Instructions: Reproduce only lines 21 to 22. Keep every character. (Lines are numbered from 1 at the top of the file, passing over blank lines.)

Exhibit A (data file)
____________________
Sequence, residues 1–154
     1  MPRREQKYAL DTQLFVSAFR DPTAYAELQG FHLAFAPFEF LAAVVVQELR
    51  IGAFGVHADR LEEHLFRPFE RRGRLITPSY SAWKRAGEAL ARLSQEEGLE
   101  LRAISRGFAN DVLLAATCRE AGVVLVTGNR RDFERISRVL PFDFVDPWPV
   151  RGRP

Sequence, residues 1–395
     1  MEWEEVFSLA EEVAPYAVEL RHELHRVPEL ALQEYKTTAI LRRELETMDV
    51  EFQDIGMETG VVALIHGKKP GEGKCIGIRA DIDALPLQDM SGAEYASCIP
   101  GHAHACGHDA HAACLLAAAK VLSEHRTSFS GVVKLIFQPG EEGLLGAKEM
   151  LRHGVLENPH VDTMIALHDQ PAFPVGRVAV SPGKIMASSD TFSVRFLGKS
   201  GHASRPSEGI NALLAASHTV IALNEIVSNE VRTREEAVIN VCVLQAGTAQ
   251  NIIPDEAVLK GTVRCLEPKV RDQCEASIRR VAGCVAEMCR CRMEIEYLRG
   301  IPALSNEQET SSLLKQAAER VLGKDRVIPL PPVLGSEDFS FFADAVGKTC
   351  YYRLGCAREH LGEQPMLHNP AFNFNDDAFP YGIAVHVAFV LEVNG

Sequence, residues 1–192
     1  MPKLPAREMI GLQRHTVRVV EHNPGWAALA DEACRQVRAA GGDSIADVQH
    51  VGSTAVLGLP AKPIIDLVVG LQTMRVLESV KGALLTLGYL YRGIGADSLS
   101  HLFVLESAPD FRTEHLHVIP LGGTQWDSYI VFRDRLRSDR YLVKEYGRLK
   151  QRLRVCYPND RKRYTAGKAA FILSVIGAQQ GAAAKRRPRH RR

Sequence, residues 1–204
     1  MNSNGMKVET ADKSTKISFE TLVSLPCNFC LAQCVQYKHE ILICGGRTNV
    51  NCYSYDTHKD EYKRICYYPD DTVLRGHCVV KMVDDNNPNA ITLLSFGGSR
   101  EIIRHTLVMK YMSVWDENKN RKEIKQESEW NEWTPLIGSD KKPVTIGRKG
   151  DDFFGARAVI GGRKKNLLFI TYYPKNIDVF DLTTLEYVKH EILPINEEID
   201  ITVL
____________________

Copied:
     1  MNSNGMKVET ADKSTKISFE TLVSLPCNFC LAQCVQYKHE ILICGGRTNV
    51  NCYSYDTHKD EYKRICYYPD DTVLRGHCVV KMVDDNNPNA ITLLSFGGSR